Corporate takeover: Cadbury now owns the colour purple

The chocolate giant has won a high-court showdown with Nestlé for the rights to Pantone 2685C.
Do you think it’s the right decision?

Cadbury Purple

Who owns the colour purple? Yesterday Cadbury’s Dairy Milk won a high-court ruling that they possessed the rights to a shade of it.

After four years of battling NestlĂ© and its rival Wonka products, Cadbury has been allowed to trademark Pantone 2685C – the creamy purple you associate with Dairy Milk and your glass and a half full. The court ruled that the colour has been distinctively Cadbury’s since 1914, rejecting NestlĂ©’s claim that you can’t trademark a colour. Cadbury is now referring to it as “our famous colour purple”.

But did the lawyers get it right? Last month, shoe designer Christian Louboutin won a similar battle against Yves Saint Laurent, earning trademark protection for his red-soled heels. Other brands have longstanding colour associations: think Tiffany blue and Coca-Cola red. Should you be able to trademark a colour?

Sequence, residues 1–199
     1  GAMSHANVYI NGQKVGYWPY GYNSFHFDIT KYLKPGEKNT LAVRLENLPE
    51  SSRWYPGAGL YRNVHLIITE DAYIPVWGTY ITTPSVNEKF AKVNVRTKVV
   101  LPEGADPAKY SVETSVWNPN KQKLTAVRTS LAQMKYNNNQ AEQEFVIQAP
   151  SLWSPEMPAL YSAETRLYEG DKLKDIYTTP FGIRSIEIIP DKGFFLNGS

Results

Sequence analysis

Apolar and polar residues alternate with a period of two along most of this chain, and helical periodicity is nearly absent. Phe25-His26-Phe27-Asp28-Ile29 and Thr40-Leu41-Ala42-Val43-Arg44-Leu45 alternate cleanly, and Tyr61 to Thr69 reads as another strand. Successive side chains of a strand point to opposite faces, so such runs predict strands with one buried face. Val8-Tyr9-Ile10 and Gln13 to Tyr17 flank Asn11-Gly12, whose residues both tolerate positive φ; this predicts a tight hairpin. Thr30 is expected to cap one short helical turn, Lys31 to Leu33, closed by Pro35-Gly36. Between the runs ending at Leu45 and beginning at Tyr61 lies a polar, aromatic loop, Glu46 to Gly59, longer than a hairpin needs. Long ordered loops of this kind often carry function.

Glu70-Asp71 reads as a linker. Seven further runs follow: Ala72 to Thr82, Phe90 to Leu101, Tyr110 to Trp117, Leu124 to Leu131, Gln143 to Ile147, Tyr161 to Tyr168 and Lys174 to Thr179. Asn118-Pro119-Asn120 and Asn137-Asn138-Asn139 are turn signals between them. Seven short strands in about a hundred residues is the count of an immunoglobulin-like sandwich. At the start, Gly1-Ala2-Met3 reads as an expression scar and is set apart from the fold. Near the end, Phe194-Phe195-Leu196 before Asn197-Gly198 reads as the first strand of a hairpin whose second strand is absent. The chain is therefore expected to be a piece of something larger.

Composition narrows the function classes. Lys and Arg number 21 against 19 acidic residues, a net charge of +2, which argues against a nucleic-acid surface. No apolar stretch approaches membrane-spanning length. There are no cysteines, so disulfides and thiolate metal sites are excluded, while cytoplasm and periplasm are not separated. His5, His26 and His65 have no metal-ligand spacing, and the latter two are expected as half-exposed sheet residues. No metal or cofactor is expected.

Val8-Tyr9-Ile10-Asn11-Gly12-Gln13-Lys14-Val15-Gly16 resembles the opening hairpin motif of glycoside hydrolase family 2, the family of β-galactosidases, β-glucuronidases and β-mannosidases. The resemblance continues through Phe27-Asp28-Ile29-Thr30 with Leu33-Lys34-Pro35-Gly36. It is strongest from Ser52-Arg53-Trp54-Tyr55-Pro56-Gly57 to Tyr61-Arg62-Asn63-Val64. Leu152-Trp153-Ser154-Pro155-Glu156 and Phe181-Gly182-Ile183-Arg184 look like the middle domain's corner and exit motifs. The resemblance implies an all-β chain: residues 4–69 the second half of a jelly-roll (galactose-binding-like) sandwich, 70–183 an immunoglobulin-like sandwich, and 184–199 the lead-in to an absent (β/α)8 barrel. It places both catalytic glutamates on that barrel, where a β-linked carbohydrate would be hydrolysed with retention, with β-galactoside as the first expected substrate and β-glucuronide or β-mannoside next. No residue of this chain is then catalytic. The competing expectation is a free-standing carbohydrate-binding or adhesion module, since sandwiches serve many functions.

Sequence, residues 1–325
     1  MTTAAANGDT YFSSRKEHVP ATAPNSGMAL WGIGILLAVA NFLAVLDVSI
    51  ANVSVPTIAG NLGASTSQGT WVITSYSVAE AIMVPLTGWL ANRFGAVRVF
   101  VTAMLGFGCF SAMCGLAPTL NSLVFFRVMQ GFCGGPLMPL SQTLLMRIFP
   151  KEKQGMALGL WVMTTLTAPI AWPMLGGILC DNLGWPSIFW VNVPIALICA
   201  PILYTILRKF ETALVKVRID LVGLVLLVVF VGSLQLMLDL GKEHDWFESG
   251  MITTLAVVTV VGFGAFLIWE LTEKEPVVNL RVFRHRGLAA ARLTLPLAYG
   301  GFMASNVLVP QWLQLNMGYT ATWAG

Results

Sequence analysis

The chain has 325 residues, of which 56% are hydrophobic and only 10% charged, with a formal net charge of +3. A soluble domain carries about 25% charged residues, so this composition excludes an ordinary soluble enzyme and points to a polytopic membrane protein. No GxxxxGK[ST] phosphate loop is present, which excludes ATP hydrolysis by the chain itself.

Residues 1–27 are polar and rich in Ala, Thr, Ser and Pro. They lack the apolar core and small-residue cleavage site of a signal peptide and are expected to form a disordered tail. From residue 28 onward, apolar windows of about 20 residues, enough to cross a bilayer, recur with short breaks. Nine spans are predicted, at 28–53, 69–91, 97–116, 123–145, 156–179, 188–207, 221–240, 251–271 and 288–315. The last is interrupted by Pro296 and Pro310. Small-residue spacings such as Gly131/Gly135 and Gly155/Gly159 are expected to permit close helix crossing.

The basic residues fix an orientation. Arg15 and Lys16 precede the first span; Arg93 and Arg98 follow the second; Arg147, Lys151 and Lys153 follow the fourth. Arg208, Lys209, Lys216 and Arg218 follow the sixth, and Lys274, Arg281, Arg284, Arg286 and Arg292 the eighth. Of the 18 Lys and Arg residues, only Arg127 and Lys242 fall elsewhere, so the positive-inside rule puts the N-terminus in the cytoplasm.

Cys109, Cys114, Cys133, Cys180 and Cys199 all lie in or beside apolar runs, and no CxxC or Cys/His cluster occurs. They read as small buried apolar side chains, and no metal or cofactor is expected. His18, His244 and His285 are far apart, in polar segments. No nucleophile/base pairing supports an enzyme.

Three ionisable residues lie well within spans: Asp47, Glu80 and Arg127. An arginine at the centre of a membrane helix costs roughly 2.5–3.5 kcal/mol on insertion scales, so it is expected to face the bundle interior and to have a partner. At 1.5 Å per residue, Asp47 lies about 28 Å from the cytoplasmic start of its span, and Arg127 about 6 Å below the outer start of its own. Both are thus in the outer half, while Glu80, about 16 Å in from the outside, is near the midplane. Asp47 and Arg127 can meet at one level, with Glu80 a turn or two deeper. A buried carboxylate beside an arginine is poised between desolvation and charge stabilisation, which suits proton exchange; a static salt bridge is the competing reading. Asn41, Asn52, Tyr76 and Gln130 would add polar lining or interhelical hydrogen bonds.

Source: http://www.guardian.co.uk/artanddesign/2012/oct/03/cadbury-trademark-colour-purple-open-thread

One comment

  1. You can’t trademark something you didn’t create. As people’s mental abilities decline I think they get confused. ~chuckle~

    The “reference” to someones or somethings trademark is referring to an act or item that is often or always associated with that subject.

    To legally trademark something one must be the actual owner/creator of that item. You can not own something that belongs to mankind or better stated something that already exists.

    And personally, any law that gives privilege to someone trying to claim ownership of something that already exists (such as life, Monsanto) are completely incompetent.

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